Leon Lett never saw Don Beebe coming. Twenty years later, the moment remains in front of both men.
It's been two decades since The Play, the defining moment for Beebe and Lett from Super Bowl XXVII between the Dallas Cowboys and the Buffalo Bills. Despite a final lopsided score of 52-17 that favored the Cowboys, NFL fans will undoubtedly remember the classic moment when Beebe, the speedy receiver, caught a celebrating Leon Lett at the goal-line for a fumble that made history.
Beebe says he still cannot believe how much attention this single moment has brought to him over the years. Even in a losing effort on a play that made no difference in the outcome, Beebe's extra effort cemented his place in football history.
"I'm reminded of this play almost every day," says Beebe with a laugh. "I'm not kidding you or exaggerating. At this time of year, it's a half dozen times per day around Super Bowl time. It blows my mind."
On paper, there's no reason for such a play to receive so much attention. The final 35-point differential was already established at the time that Bills quarterback Frank Reich fumbled the ball after being hit by Jim Jeffcoat of the Cowboys. Lett picked up the ball and ran for what should have been an extra score that gave the Cowboys the all-time Super Bowl point record. Instead, Beebe's extra effort gave the Bills a touchback and created The Play.
"If you watch the play, you'll see my reaction," says Beebe. "I knocked the ball out. He drives his knee into my helmet as he's falling down. I get up and fix my facemask and I'm still upset that we're getting our tails whipped. No way did I ever think that was special. I was just doing my job."
Beebe says it was clear immediately after the game that a lasting impression was made on a play he describes as "textbook".
"When I first noticed that it might have been something special was right after the game," he explains. "We're in the locker room and guys were distressed and we'd just lost our third in a row. Nobody was talking and then the owner walks in.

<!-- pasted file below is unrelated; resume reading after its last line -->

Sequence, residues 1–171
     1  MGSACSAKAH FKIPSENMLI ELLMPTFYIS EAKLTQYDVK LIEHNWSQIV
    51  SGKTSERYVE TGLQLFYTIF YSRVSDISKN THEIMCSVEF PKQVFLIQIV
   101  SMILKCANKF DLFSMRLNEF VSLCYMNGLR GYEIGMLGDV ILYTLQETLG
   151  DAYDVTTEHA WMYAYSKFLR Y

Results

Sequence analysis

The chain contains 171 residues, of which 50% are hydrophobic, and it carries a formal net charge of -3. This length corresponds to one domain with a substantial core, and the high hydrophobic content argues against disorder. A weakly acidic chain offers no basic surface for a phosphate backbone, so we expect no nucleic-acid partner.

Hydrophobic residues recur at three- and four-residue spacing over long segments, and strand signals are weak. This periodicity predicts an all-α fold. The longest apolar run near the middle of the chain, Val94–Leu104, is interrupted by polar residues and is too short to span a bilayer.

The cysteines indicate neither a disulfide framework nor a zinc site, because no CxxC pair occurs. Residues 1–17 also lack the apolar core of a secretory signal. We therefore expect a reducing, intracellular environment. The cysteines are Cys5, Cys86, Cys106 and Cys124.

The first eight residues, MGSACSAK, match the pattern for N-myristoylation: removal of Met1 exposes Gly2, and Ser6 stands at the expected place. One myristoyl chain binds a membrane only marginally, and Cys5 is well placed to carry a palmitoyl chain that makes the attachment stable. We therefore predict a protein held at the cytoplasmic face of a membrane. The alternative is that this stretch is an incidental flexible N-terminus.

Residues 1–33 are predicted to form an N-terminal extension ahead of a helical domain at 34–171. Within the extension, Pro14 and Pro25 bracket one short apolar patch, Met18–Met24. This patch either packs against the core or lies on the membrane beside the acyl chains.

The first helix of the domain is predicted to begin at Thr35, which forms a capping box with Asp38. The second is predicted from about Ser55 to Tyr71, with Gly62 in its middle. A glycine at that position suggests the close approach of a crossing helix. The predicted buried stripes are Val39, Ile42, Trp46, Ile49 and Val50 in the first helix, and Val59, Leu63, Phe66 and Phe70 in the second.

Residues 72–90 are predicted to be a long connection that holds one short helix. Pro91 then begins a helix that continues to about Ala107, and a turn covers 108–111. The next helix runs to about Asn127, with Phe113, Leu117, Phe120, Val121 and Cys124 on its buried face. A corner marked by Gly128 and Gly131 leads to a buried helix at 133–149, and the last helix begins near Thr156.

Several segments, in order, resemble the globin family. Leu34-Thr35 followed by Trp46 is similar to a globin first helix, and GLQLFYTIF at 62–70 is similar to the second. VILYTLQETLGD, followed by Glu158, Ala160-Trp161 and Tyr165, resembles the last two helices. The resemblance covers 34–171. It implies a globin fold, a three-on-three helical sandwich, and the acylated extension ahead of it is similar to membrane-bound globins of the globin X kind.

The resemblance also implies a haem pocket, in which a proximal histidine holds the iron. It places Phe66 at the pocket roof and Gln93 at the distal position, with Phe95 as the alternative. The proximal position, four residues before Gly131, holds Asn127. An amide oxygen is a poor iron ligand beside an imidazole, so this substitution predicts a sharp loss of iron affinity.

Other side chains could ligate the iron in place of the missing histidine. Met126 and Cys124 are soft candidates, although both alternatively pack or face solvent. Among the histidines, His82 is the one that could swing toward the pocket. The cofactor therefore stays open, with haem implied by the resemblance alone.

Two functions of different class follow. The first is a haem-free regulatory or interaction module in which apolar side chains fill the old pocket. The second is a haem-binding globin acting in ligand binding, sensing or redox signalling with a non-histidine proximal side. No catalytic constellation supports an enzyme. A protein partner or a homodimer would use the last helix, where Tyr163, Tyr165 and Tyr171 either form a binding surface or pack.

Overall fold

"Ralph Wilson is an unassuming guy, the complete opposite of a Jerry Jones, and he walks past other guys and came right up to me. He didn't call me 'number 82' or 'Don', but instead he called me 'son.' He said, 'Son, you showed what the Buffalo Bills are all about today. I'm extremely proud of you. I just want to say thanks.' I was overwhelmed."
From there, Beebe says his own podium awaited in the press room after the game and that fans, players, staff and their families were all thanking him and congratulating him for his efforts back at the hotel.
"When it really started to mean something to me was getting back to 1 Bills Drive in Orchard Park, New York, I was getting big boxes of fan mail every single day and I had to go and pick them up," says Beebe. "They were coming from coaches and teachers and parents who were just pouring their hearts in these letters -- some of these were just overwhelming. I kept about 30 to 50 that were emotional."
While the play was a single moment in time, evaporated before anyone could respond with anything beyond the instincts that come from adrenaline and repetition in practice, the results brought a recognition for Beebe that still moves the 48-year-old coach, speaker and author.
"I hadn't realized this before, but I realized that playing in the NFL wasn't about me," he says. "It was about the platform that I had to impact people. I wish more players would understand this, what they really mean to the fans and kids in schools.
"I still use that platform today to impact kids and people and I gotta tell you, it's the greatest reward you can have to do that. The Leon Lett play stapled that for me."
Find out more about Don Beebe's story in his new book, Six Rings From Nowhere.